Biosourcing of synthetic rubbers and other ingredients, the expansion of natural rubber availability and biological alternatives to natural rubber are key areas of attention too.

In the area of biorubber, Cooper Tire and Rubber Co. and its consortium partners, including Clemson University, Cornell University, PanAridus and the Agricultural Research Service of the U.S. Department of Agriculture, completed a five-year $6.9 million Biomass R&D Initiative (BRDI) grant called “Securing the Future of Natural Rubber — an American Tire and Bioenergy Platform from Guayule” in 2017.

The grant team studied the feasibility of using guayule in tires versus Hevea natural rubber and produced concept passenger car tires in which all natural and synthetic rubber was replaced by guayule-based natural rubber.


Cooper could use guayule rubber in tire production tomorrow if enough material was available to meet its production needs at a competitive price.

Large opportunities exist to expand sustainable tire products and processes, with only about half of inputs currently considered sustainable. The largest of these (in terms of tonnage) are synthetic elastomers, carbon black and fabric (nylon and polyester) cords. Other objectives are to reduce material waste, reduce energy use in manufacture and assure environmentally friendly disposal at end of life (via materials recovery, primarily).

The Electric and Autonomous Vehicle Market

Hybrid and electric vehicles are a natural market fit with green tires. Besides being naturally aligned, the requirements of these vehicles, such as torque and acceleration, and the need

for maximized energy efficiency to extend battery range will increasingly place demands on tiremakers for low rolling resistance produces as they become a larger share of the market. Drivers of these vehicles are also more likely to stay with LRR tires when replacing them, regardless of price.


Another is the emergence of autonomous vehicles. Full adoption lies outside the bounds of this report’s forecast period, but tire development will be increasingly oriented to the requirements of these vehicles. For one, it is likely that most or all will be electric, requiring the latest in terms of reduced rolling resistance. High reliability will also be important, and there will be closer attention paid to non-pneumatic and intelligent tire options that eliminate or manage tire pressure and reliability issues, in the case of intelligent tires in addition to providing detailed and real-time tire information for management and optimization of cost of ownership.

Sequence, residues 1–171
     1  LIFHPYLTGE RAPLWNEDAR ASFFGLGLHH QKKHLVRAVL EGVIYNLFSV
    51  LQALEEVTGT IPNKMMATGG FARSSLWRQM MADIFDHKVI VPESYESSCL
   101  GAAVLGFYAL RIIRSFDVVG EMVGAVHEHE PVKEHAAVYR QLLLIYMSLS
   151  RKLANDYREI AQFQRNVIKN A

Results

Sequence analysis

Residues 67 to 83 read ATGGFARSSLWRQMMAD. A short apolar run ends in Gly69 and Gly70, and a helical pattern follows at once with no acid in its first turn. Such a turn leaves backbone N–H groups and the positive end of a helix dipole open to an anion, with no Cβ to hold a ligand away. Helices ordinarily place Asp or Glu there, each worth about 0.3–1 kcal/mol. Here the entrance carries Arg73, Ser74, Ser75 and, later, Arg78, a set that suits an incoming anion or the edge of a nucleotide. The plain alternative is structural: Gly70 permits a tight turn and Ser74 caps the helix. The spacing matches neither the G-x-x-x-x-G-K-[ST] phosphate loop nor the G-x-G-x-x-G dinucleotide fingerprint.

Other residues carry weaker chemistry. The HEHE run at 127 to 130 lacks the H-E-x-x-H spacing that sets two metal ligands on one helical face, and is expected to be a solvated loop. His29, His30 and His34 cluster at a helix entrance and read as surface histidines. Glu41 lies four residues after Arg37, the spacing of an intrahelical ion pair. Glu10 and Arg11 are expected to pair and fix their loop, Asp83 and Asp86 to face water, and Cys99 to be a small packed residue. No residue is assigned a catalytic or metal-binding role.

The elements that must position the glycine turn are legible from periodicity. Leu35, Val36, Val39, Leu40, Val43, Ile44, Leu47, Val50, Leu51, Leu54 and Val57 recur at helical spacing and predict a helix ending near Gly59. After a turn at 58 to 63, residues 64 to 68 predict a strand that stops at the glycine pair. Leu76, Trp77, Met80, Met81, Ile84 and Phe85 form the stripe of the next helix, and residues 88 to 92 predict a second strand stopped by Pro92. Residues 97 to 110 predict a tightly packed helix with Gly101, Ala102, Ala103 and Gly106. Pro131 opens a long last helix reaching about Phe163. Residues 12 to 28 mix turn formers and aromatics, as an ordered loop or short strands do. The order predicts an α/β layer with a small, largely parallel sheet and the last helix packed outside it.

The development of autonomous vehicles has tire companies and others introducing new products to keep pace with the disruptive technology. For example, Goodyear’s two concept tires for autonomous vehicles include the spherical-shaped Eagle-360 that offers maneuverability, connectivity and biomimicry for autonomous mobility and the IntelliGrip, which features advanced sensor and tread technology. The Eagle-360 allows the car to move in all directions to cope with space limitations. The tire uses embedded sensors to communicate road, weather and tire conditions and has a magnetic levitation system that suspends the car, resulting in a smooth, quiet ride.


The IntelliGrip senses road surface and weather conditions for improved driving safety and performance. It adapts to road conditions by sensing a rainy or slippery road surface so an autonomous vehicle can adjust its speed.

Market Challenges

There are other aspects of the green tire market that make it attractive, as well as challenging. The availability and pricing of natural, synthetic and bio-sourced materials can be unpredictable, and it is not clear how quickly many of the greener technology options can progress from concepts and pilots to commercial scale.

All of the major tire companies are committed to green tires, although rates of market uptake vary depending on local regulations and preferences. The drive to reduce emissions, improve fuel efficiency and accommodate new transportation models is shared by governments and tire companies alike.

They are not so much viewing green tires as a distinct product segment but rather as a critical technology that is increasingly becoming a central element of their business model. TR


Janine Young is a B2B communications professional who has worked in trade journalism, corporate communications and public relations. She is currently the editor of The Smithers Report, a subscription news service that focuses on tire and rubber trends and technology. Learn more at